“In terms of magnitude, we think it’s a moderate amount of easing,” said Hui Shan, the chief China economist at the research arm of the Wall Street titan. “But don’t expect too much just given that this year’s growth target seems to be within reach and the government is really focusing on transforming, restructuring the economy, [rather] than engineering a short-term sharp increase in growth.”
Ben Kirby, the co-head of investments and portfolio manager at Thornburg Investment Management, is “not ready to count it out.”
“China remains an important driver of EM [emerging market] and global growth. After a strong first quarter, growth momentum in China faded in the second quarter,” Mr. Kirby wrote in a research note. “Overall, the reopening has been disappointing, but we’re not ready to count it out. We think China could be looking at fiscal spending in either infrastructure or property markets.”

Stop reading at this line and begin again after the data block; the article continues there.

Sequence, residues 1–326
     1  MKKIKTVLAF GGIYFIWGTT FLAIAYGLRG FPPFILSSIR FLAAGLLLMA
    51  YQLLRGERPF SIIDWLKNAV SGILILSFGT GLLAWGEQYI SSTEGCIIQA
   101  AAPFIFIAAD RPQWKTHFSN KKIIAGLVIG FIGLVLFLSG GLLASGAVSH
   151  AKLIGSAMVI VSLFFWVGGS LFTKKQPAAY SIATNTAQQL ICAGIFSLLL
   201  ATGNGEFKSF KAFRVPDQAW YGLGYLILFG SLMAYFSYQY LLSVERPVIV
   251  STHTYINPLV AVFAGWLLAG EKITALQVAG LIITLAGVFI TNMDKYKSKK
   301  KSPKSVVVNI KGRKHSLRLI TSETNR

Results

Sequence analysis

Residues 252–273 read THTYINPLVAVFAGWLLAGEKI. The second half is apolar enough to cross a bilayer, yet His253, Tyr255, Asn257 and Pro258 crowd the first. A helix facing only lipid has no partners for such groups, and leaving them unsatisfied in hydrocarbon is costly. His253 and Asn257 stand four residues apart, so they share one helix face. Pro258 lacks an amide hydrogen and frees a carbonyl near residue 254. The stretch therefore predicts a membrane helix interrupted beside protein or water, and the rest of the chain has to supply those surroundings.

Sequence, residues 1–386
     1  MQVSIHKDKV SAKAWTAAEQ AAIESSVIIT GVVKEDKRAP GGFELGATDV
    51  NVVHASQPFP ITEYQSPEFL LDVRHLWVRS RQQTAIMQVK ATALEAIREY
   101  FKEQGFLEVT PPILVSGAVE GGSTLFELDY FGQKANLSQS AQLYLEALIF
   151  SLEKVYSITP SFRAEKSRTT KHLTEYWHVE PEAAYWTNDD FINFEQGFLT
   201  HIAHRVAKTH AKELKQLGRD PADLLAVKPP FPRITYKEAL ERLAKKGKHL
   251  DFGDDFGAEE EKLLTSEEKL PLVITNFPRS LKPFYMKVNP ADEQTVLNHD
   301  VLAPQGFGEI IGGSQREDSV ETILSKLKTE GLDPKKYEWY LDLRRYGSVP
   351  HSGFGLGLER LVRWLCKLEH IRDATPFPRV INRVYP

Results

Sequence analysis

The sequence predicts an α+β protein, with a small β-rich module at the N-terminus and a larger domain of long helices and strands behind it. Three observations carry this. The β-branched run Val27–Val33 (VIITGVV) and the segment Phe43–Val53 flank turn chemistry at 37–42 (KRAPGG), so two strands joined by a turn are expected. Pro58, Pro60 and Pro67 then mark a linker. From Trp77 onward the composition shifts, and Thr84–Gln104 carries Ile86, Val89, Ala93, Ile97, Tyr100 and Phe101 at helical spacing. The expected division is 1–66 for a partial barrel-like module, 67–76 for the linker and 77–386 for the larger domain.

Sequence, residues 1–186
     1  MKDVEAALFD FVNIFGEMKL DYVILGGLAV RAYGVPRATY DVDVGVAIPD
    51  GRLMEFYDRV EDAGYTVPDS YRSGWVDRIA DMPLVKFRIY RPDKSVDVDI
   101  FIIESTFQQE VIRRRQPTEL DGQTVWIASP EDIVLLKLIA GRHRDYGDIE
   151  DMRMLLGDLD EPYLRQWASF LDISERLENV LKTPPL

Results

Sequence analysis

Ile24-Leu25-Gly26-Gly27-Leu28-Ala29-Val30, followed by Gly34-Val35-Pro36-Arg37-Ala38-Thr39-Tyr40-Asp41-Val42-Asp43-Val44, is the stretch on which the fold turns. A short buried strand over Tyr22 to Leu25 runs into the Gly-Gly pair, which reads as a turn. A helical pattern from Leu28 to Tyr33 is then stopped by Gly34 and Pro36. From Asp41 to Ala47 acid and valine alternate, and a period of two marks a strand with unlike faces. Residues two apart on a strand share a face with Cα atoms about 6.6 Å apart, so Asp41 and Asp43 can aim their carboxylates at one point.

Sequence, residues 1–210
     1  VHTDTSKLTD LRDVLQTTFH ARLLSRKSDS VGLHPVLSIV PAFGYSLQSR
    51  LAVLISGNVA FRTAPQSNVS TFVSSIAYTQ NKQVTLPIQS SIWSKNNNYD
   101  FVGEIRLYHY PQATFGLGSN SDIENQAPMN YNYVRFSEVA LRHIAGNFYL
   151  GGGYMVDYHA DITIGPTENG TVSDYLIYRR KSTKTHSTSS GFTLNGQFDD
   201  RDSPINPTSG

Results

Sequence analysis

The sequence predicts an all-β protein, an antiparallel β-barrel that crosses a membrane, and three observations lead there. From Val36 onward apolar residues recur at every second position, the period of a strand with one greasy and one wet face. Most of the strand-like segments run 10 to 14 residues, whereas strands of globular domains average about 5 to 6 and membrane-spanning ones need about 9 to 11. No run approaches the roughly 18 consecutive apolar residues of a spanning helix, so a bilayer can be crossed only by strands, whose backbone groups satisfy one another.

Experts say that the PBC launched its rate-cutting cycle in June when it trimmed the main benchmark lending rate for the first time in nearly a year. The central bank cut the one-year loan prime rate (LRP) by 10 basis points, to 3.55 percent. Policymakers also lowered the five-year LPR by 10 basis points, to 4.2 percent.
Signs might indicate a fading recovery, but Fitch Ratings anticipates that China’s growth will “remain above target.”
“Recent data point to a swiftly fading rebound in China from the reopening at end-2022, but GDP growth should still remain above the 2023 government target of 5 percent as consumption normalizes and policy support buttresses infrastructure investment,” Fitch wrote.
The group forecasts growth rates of 4.8 percent in 2024 and 4.7 percent in 2025.
From The Epoch Times